Spoiler alert: This interview reveals major plot points from the February 24 episode of Justified, “Alive Day.”
Duke Davis Roberts has made a big impression on Justified this season. His character, brain-damaged war veteran Mundo, a.k.a. “Choo-Choo” (because he comes at you like a train), has been embraced by fans despite the fact that he’s a murderous thug for evil pot baron Avery Markham (Sam Elliott). Sadly, Choo-Choo reached the end of the line in last night’s episode after a shootout with Deputy U.S. Marshal Raylan Givens (Timothy Olyphant). L.A. native Davis, an ex-MMA fighter who only earned his SAG card last year, spoke with Vulture about his arc on Justified, his distinctive voice, and giving up on MMA.
How did your character get his nickname?
It came from Timothy Olyphant’s brain. He talked to the writers and had them change my name. He told me there was some baseball player whose nickname was Choo-Choo [former Mets and Phillies catcher Choo-Choo Coleman]. Tim thought that was so funny, and they just ran with it.
How did you come up with the character’s distinctive guttural voice?
I went into the audition with that voice and that cadence, and then I worked on it with the writers. Tim told me, “You don’t want to go overboard on playing the dumb guy. You want to be a weird mystery.”
Was the character’s look, with greasy long hair and a bushy beard, your idea?
That was my unemployment beard, and it turned into my employment beard. I had the long hair and that awful beard. I knew Choo-Choo was military, so I thought they were going to shave my head. And they said, “No, we like your look.”
Is Choo-Choo definitely dead?
The script does say explicitly “very dead,” crushing all my hopes and dreams.
How did you find out he’d die after four episodes?
I got a call from [executive producer] Graham Yost before I shot my final episode, and he said, “You’re doing a great job, but we’re going to have to kill you.” I almost took it as a compliment.
Is it poetic justice that Choo-Choo dies on the railroad tracks after being shot, but the train stops just short of hitting his car?
I love that bit because it’s ironic in a way. You’re playing with the viewers’ grandiose expectations of the train smearing this wounded dog, but he just bleeds out quietly. I thought it was fitting.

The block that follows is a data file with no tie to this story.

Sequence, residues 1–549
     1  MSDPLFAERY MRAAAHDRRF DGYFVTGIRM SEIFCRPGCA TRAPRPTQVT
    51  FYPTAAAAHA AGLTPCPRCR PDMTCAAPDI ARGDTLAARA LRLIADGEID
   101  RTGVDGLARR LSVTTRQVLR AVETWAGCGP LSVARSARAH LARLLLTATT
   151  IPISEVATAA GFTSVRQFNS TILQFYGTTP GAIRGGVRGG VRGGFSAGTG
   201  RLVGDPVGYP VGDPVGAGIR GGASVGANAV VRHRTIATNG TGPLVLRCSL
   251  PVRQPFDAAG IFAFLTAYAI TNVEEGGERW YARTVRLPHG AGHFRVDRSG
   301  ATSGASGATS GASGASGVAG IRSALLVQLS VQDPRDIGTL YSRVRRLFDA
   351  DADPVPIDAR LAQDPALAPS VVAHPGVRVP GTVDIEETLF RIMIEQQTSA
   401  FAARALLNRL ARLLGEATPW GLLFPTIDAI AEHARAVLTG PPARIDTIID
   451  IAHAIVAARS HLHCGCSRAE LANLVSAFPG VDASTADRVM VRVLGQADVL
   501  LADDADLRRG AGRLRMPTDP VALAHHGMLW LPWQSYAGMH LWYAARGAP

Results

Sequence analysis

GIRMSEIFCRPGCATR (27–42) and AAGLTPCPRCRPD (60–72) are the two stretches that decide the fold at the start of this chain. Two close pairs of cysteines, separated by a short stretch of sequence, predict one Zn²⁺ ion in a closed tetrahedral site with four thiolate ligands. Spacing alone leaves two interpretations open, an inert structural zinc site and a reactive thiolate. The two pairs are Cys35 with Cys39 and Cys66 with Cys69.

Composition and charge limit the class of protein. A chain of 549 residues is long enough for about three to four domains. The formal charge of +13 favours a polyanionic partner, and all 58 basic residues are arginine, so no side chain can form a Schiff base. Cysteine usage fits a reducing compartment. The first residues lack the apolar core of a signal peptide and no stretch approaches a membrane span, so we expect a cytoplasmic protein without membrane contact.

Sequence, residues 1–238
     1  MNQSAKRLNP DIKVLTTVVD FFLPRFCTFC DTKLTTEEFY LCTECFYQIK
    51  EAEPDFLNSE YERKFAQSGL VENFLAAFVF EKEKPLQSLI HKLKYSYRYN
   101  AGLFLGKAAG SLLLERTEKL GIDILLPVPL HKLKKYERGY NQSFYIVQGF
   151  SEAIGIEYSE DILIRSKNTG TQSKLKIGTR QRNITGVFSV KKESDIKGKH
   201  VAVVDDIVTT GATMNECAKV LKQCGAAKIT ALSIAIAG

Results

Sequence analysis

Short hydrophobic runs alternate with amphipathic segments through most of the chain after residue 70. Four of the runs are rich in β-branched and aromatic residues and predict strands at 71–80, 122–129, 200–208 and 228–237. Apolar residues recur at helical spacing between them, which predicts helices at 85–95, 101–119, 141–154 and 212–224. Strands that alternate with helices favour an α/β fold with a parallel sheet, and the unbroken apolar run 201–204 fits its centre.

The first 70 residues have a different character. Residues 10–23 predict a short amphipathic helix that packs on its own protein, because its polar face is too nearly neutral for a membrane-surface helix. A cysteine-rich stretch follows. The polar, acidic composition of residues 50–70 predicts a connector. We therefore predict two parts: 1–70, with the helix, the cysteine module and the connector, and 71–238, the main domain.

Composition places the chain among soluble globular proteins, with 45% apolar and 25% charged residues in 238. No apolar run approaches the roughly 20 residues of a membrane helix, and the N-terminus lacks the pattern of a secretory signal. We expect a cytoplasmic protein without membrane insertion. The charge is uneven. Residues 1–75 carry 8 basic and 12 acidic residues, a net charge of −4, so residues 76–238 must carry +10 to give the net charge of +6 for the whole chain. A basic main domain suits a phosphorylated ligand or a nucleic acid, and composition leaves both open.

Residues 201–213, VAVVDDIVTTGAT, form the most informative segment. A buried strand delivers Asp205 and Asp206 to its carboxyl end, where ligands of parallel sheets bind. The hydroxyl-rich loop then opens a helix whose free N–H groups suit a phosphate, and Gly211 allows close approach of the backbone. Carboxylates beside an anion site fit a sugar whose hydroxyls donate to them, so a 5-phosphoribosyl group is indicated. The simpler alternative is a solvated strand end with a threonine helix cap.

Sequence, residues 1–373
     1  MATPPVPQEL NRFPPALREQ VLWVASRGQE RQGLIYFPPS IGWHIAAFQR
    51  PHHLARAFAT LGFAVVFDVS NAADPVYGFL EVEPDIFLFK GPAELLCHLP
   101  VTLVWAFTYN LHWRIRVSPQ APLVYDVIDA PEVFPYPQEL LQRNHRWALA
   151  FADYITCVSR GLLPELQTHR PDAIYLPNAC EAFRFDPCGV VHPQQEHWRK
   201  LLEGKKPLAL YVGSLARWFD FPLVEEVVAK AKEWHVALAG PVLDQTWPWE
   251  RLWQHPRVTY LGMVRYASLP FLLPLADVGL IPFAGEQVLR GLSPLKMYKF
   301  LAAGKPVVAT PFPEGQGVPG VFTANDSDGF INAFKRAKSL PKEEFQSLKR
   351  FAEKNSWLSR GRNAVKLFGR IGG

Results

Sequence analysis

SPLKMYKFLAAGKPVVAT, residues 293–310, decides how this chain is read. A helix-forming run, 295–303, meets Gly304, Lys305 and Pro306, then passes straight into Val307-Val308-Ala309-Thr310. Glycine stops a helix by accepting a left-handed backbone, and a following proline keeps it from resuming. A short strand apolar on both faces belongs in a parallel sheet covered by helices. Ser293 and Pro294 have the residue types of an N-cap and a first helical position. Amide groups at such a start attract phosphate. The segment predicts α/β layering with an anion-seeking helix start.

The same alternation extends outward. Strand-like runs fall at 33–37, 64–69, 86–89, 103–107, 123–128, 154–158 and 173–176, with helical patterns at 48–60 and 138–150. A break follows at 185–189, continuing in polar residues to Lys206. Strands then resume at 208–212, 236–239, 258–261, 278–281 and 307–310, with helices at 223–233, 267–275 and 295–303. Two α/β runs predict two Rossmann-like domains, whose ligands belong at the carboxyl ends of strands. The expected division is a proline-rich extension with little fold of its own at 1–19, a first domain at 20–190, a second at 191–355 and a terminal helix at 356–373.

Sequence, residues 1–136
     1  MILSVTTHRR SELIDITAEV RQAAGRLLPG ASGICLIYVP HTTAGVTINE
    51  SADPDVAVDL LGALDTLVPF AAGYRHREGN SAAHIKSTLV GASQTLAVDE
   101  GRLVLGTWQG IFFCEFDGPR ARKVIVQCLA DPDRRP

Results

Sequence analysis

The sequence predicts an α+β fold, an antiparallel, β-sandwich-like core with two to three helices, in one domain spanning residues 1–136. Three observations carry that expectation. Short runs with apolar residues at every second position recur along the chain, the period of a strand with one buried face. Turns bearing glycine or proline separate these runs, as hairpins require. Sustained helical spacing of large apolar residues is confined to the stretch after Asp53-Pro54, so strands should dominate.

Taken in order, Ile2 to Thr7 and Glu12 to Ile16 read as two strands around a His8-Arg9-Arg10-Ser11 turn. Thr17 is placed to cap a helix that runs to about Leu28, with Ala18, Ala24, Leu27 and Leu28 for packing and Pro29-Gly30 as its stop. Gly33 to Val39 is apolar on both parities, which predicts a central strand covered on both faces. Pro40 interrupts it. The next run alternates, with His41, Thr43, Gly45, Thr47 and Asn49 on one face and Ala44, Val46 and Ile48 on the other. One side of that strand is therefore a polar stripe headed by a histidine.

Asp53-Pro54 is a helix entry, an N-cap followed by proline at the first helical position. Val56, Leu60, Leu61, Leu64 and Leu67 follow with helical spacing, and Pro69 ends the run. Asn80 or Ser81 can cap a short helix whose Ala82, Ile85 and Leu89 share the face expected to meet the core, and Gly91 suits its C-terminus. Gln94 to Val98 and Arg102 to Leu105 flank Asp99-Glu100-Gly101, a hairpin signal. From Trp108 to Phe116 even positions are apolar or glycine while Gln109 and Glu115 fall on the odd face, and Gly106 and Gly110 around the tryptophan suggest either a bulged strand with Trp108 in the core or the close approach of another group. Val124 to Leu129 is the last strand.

What kind of response have you gotten from viewers about the character?
The fans of Justified are responding very well, but there’s a big ol’ Dewey Crowe [the dim criminal who was played by Damon Herriman and was killed off this season] hole in their heart. I don’t understand how you could hate Choo-Choo. He’s like a big kid or a bear. Everyone on Twitter and Reddit seems to have enjoyed him. I’m very surprised. He’s not quite dumb. He’s brain-damaged and he’s weird, and people are interested in that.
Are you getting recognized on the street yet?
I get the occasional look on the street, but I think that’s just because I’m freakishly tall. But I would embrace it, because that’s the only way people would know me in public, because everything else I’ve shot hasn’t come out yet. I’m new to this having-a-response thing. I’ve been doing YouTube videos that 100 people watch.
I noticed on Twitter there’s been chatter between you and your co-star Scott Grimes about doing a prequel in which we see Choo-Choo’s wartime origins.
That was kind of a joke, but I did walk up to the writers once and [say], “Just so you know, I have the voice of Choo-Choo, pre-head-wound, if you need it.” It’s really just talking a lot faster.
Have you given up MMA fighting now that you’re an actor? You don’t want to mess up your face, do you?
I fought amateur for two years, and I won a light-heavyweight belt. Once I booked a role, I realized how important it is to maintain your look. So I had to retire from MMA because it would be so dumb to screw my big dream just to see how far I could go as a fighter. A friend of mine, Jonathan Lipnicki, trained in MMA, and he told me he got a black eye and casting directors looked down on him.
Jonathan Lipnicki, the kid from Jerry Maguire?
Yeah, I went to high school with him. That’s what you get when you go to industry high-schools in L.A.
Has your size ever held you back from getting certain types of roles?
Definitely. I do worry about turning into a henchman forever. If people like me and want me to stick around, I’m going to have to shape-shift my body. I’ll never get rid of being six five, but I fought at 205 [pounds], so I can get down to 200 pounds and kind of look like a normal person. I can pull a Chris Pratt.